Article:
Dynamically changing a skill without resubmission and recertification?
Background: =========== Where possible, I try to decouple mobile apps from configuration data to avoid another compilation, submission, review, certification, verion, review start-over, etc - no trivial feat. I accomplish this on iOS by using a JSON config file stored on my server and retrieved at app start up. Question: ======= I am wondering if it's possible to do a similar thing with a skill. While Amazon has said that any Schema or SampleUtterance changes will require recertification, why not just use a generic Schema interface that doesn't need to change (I think some forum threads have shown examples of this). The schema would accept all utterances and then let the dev's web-server process them as they wish. That way, in the future, the dev would be able to modify their code (or config file) on their server to process/say something different instead of resubmitting/recertifying with Amazon. Using the "Crystal Ball" skill as an example, this would work fine in the case where the dev wants to add a new response or remove an existing one. Same thing with the "Cat Facts" skill - if the dev needed to add, remove, or change a cat fact, this could all be done without Amazon's involvement. These would just be config items added and removed on the developer's server. As far as the need for Amazon to maintain "control," the analogy is a webview in a mobile app - the developer has complete control over it. It is just assumed that if it became profane, used inappropriately, violated standards, etc, the app (or skill in our case) would be pulled and the developer and their descendants would be banned for life... I.e. not worth it for the developer... I am asking whether this is possible both in order to learn if it can technically be done and to determine if this is a workable win/win strategy - it sure would save everyone a lot of effort, particularly as apps and voice recognition technology evolve. Thank you.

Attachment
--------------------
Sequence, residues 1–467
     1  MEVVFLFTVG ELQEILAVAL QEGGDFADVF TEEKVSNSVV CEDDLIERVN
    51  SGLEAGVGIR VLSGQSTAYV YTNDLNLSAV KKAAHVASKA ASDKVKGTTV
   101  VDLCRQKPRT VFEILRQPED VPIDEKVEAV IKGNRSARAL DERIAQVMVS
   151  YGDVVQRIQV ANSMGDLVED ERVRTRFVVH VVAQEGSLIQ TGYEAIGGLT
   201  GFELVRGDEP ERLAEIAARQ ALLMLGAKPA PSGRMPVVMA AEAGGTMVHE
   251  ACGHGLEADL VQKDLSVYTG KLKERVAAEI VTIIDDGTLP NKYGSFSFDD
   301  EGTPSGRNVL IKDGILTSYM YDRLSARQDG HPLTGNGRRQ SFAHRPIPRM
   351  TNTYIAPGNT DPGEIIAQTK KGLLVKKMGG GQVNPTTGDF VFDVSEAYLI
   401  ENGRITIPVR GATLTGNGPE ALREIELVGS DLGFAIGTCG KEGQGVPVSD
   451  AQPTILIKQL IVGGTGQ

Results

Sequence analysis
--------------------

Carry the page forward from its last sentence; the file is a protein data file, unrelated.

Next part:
> The schema would accept all utterances and then let the > dev's web-server process them as they wish. Well, then you take on the job of having to do the natural language parsing. Also, you reduce Alexa into guessing what the best words are for a phrase. When you have an utterance file, you guide Alexa's recognition of what is spoken and significantly improve understanding. If you note, both the Crystal Ball and Cat Facts app don't really care about what the user says. If you have an app like that, then this approach is fine. Otherwise it is technically feasible, but is not what I would consider workable. Actually, I started to write a series of skills to help developers adjust their UI to the limitations of Alexa. The first one was a "record" app that just had a blank utterance, and printed on the companion app what it thought you said. I never pushed it to certification because it really didn't give a good idea of what Alexa's recognition would be like with an utterance file. But it did give an idea of what it would be like without one: bloody awful.